The process of transplanting a plant and then immediately watering it helps the plants acclimate to its new habitat. Before transplanting, remove any dead bark, dried leaves, and foliage from the plants that are going to be transplanted. Always keep a close eye on freshly transplanted plants to check for signs of disease and pests, since these plants are at a greater risk of being affected by these problems.[8]

How to minimize plant shock[edit]

Add sugar: Studies have indicated that giving a plant a sugar and water solution that has been diluted with ordinary sugar purchased from a grocery store after it has been transplanted will speed up the time it takes for the plant to recuperate from the trauma of having its roots moved. If administered at the time of the transplant, it may also be utilized as a preventative measure against transplant shock. Even if it is only helpful for selecting plants, you should give it a go since doing so will not hurt the plant.[9]

Root moisture: Keep the roots of the plant in a moist environment, and at the same time, make sure the soil is getting enough water while checking that the plant is not submerged in water.[10]

Location: Choose the right plant for the right spot.

Trim plants: When you prune the plant, you give it the opportunity to concentrate its energy on repairing damaged roots. Remove around one third of the plant's foliage from perennials. Remove one-third of an annual plant's foliage and prune it so that it grows into a bush shape. Remove one half of each leaf from the plant if it has a main stem and save the other half.[11]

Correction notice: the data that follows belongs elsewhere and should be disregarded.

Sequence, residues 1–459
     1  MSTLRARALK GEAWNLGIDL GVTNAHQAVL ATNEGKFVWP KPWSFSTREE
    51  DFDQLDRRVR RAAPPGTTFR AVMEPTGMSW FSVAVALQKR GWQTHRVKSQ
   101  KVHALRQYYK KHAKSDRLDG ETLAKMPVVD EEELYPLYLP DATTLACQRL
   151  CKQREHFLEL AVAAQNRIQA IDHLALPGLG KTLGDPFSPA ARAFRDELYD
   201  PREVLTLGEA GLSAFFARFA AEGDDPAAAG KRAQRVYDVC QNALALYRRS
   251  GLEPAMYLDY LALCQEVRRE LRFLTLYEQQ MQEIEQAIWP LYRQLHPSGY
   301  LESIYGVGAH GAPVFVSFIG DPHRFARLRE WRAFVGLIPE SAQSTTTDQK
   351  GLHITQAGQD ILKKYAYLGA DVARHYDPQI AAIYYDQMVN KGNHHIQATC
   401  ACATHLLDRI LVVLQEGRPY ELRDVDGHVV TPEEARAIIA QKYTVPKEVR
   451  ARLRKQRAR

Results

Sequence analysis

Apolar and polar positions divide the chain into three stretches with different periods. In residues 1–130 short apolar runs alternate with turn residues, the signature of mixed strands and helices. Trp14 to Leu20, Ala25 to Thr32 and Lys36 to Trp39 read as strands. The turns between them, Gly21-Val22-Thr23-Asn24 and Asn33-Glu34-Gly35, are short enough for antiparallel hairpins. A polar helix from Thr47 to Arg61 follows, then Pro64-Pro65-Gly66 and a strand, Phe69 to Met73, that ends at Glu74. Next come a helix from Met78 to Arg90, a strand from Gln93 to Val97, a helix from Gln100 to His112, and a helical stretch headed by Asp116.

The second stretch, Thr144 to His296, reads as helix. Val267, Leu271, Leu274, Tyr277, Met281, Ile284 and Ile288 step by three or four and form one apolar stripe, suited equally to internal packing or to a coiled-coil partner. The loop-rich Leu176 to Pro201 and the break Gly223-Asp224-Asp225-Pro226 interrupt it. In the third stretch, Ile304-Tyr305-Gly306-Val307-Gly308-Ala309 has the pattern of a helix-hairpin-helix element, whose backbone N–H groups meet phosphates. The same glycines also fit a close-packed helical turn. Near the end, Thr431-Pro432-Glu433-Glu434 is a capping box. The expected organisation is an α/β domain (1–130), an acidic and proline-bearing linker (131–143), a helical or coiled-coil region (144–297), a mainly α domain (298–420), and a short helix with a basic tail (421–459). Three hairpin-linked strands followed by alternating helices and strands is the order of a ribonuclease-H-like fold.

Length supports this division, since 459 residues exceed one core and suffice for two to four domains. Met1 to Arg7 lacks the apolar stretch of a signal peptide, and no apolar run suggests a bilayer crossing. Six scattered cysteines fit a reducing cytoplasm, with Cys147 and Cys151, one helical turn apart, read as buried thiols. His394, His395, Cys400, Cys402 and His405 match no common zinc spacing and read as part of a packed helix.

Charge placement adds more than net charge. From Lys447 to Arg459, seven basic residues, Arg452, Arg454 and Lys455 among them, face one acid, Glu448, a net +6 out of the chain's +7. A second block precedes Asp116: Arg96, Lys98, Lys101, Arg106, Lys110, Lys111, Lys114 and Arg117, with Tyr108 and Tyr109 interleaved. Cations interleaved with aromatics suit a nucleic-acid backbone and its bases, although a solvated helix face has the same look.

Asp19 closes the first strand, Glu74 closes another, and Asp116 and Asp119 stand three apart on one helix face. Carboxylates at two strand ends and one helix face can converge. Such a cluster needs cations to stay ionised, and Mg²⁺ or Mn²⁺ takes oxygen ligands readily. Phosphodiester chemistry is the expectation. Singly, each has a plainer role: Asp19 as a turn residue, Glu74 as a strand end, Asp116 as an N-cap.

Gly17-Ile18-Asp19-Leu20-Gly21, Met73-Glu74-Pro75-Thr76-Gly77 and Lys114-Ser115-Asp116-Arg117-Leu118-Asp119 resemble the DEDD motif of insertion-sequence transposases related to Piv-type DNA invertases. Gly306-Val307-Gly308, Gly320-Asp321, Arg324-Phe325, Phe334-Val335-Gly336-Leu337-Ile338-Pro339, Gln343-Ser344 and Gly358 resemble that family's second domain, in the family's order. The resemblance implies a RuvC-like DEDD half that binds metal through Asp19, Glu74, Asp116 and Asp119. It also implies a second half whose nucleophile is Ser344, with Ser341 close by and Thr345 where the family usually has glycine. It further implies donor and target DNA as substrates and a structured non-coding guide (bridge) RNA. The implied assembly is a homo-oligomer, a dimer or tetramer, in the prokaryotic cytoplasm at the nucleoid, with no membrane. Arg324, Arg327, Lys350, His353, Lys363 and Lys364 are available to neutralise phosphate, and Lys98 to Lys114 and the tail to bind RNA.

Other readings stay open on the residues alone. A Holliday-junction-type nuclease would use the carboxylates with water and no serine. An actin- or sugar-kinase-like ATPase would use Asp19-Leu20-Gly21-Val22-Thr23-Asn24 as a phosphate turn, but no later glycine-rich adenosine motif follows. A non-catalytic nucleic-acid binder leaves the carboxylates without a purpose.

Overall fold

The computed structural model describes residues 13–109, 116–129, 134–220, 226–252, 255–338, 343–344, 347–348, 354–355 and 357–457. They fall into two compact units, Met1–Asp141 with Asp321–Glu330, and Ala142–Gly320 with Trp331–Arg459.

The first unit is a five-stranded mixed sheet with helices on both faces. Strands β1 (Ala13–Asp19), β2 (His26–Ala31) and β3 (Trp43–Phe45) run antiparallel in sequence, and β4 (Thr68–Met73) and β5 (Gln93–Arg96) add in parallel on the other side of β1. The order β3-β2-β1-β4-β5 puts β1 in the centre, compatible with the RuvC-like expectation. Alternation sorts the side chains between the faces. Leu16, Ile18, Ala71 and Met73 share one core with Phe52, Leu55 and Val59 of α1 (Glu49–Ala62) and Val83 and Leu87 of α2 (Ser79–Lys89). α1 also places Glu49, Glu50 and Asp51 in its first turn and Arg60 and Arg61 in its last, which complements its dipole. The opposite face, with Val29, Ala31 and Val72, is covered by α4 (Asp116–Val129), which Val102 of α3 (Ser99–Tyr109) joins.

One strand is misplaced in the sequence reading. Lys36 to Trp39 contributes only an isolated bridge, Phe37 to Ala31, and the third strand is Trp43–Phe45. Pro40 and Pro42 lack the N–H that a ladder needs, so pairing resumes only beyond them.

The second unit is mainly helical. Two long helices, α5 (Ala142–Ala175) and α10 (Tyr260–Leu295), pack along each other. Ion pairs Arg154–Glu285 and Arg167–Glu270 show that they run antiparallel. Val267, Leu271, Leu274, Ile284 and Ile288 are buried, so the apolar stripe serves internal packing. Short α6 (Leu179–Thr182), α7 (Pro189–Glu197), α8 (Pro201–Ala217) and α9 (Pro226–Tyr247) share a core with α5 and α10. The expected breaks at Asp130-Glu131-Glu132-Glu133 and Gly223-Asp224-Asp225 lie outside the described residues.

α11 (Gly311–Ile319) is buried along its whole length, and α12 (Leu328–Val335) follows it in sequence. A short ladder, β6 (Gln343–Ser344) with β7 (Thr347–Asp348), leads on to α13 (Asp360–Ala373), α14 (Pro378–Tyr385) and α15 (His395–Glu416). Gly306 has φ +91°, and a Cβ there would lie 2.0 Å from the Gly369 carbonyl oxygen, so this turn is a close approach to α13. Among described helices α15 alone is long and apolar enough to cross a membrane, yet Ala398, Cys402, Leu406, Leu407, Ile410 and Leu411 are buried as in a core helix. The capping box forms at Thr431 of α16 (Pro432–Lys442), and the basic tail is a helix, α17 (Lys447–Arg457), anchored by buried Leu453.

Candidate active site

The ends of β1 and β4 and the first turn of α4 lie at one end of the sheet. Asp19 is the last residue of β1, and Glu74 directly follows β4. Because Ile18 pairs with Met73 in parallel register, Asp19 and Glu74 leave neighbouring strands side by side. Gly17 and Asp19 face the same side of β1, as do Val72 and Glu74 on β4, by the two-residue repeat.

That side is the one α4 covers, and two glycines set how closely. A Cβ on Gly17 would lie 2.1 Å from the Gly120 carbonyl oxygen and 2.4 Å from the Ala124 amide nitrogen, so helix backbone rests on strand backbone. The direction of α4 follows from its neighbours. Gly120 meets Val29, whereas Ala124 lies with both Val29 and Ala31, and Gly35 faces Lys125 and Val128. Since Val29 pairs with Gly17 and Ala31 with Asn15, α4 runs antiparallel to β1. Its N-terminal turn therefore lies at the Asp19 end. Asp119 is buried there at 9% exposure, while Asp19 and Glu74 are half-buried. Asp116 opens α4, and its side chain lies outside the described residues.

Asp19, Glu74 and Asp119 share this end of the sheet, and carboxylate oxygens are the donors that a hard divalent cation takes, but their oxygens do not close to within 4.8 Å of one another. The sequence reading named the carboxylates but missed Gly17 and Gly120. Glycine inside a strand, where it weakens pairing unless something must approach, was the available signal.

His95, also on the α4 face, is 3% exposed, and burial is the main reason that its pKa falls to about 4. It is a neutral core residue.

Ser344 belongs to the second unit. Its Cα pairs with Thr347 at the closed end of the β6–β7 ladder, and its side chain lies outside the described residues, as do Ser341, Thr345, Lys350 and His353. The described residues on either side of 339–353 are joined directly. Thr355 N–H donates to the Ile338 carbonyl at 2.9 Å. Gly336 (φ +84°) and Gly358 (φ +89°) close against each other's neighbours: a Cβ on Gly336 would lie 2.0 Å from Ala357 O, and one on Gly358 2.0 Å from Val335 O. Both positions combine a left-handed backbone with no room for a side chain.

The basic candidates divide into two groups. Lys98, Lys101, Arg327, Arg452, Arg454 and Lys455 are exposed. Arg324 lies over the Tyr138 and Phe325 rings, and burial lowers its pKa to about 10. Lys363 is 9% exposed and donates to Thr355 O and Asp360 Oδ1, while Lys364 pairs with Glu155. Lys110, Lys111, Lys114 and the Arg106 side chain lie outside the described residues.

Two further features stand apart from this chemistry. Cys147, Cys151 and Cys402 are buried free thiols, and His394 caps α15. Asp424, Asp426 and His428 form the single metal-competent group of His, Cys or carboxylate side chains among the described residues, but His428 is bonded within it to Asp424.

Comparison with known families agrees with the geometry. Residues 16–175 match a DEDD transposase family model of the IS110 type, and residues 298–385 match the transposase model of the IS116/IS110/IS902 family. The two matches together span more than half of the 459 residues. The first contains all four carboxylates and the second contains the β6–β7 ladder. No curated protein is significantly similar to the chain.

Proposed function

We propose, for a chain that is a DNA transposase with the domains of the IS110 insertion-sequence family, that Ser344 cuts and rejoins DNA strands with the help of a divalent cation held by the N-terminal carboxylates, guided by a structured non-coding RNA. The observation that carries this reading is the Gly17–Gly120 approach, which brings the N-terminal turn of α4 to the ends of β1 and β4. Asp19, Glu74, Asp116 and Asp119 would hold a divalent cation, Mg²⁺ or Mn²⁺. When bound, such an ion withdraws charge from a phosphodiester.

Epsom Salts: It is possible that the shock caused by transplanting will cause the plants to become brittle and die. Epsom salts are quite helpful in alleviating the transplant shock.[12]


  1. "Avoiding And Fixing Transplant Shock In Plants". Gardening Know How. Retrieved 2022-10-06.
  2. "Extension | Leaf Scorch". extension.wvu.edu. Retrieved 2022-10-06.
  3. "Wild Interiors — Can My Houseplant Go Into Shock?". Wild Interiors. Retrieved 2022-10-06.
  4. Sim, Adriana. "How To Handle Transplant Shock in Seedlings". Tiny Garden Habit. Retrieved 2022-10-06.
  5. Antosh, Gary (2020-01-23). "Tips On Using Epsom Salts To Help Plants Overcome Transplant Shock". Plant Care Today. Retrieved 2022-10-06.
  6. Rawat, Apeksha (2020-05-14). "How to Avoid Plant Shock while Repotting?". Ferns N Petals. Retrieved 2022-10-06.
  7. "Avoid Transplant Shock". CALS. Retrieved 2022-10-06.
  8. Calendar, Gardening (2018-10-05). "Ways To Minimize Transplant Shock". GardeningCalendar.ca. Retrieved 2022-10-06.
  9. "The Reason Why You Shouldn't Use Sugar Water on Your Plants". The Spruce. Retrieved 2022-10-06.
  10. "Transplant shock: causes, ways to prevent and cure". TrustBasket. Retrieved 2022-10-06.
  11. "How to Repair Plants in Shock". Home Guides | SF Gate. Retrieved 2022-10-06.
  12. Antosh, Gary (2018-05-19). "Using Epsom Salts To Help Overcome Transplant Shock". Plant Care Today. Retrieved 2022-10-06.